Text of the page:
While Delta currently holds two Boeing 717s in its fleet, Delta spokesman Anthony Black told USA Today that the airline is hoping to have ten altogether by the end of 2013. The 717 is a twin-engine, single-aisle jet developed for the 100-seat market, and it first entered service in 1999 before production ended in May 2006. In the span of a little over ten years — preceding the jet’s first order and ending at its discontinuation — 156 planes were produced by Boeing.
Delta’s new Boeing 717 offerings are the result of Southwest Airlines Co. (NYSE:LUV) 2011 acquisition of AirTran. Southwest inherited about eighty-eight 717 jets, but later decided against integrating the model into its fleet, which consists entirely of Boeing 737s. Following that decision, Southwest entered discussions with Delta and ultimately decided to sell all eighty-eight of AirTran’s 717s to Delta.
Under the terms of the agreement, Southwest agreed to pay $100 million to convert the planes to Delta’s standards, which involved removing seven seats from AirTran’s 117-seat configuration. The final configuration for Delta’s Boeing 717s will include twelve first-class seats, fifteen Economy Comfort seats, and eighty-three seats in coach.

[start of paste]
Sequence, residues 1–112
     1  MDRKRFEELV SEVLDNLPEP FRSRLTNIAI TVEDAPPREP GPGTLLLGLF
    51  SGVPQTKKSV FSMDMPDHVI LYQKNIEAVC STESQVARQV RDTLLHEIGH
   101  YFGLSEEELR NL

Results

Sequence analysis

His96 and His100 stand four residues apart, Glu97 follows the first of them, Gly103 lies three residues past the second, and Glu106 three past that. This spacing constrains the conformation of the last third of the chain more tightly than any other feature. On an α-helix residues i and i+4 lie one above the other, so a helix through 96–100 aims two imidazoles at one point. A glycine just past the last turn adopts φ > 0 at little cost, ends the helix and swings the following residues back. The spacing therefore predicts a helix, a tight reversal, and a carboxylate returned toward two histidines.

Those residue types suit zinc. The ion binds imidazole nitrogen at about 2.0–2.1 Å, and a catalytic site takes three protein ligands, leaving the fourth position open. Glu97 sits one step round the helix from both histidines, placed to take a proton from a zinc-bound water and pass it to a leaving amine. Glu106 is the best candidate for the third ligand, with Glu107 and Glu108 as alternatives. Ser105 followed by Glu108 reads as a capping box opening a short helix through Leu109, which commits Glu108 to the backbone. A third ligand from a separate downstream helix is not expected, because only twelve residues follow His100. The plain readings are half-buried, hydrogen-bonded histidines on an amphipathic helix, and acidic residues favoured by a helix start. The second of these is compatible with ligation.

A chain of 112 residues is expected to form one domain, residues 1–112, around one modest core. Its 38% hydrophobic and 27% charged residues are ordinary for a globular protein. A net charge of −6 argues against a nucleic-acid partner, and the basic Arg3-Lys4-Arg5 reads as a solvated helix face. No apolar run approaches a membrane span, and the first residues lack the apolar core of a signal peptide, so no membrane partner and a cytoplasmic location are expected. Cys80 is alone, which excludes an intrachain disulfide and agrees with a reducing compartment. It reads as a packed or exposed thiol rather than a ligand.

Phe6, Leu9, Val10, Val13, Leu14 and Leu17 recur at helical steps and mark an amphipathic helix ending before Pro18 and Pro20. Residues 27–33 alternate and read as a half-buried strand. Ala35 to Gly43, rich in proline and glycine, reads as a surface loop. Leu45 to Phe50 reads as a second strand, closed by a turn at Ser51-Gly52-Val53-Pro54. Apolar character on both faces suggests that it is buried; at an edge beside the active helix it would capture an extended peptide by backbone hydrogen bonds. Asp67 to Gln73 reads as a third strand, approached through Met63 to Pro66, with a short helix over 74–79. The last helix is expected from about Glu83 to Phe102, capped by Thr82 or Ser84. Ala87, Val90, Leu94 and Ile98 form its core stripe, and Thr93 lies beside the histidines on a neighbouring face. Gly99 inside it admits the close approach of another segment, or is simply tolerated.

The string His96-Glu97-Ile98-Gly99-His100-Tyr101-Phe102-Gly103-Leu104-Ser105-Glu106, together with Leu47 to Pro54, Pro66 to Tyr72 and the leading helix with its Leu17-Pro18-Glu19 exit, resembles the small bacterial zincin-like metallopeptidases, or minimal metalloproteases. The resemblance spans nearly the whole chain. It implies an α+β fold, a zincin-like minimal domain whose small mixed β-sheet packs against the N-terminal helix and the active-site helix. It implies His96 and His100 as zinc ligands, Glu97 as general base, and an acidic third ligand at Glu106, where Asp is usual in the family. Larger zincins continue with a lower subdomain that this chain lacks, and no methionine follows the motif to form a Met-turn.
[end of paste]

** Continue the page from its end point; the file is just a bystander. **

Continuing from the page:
Delta’s acquisition of Southwest’s Boeing 717s will allow the airline to replace the fifty-seat regional jets and the DC-9s that it inherited once it merged with Northwest in 2008. While the fifty-seat regional jets have proven to be unpopular with fliers, airlines are also eager to phase out the jets due to their limited capacity, which has proven more and more unprofitable as jet fuel prices have risen over the past several years.
The DC-9s — 120-seat jets — most closely resemble the Boeing 717s that Delta is replacing them with. USA Today reports that Delta’s phasing out of the DC-9s has less to do with any specific complaints and more to do with Delta’s efforts to keep its fleet fresh.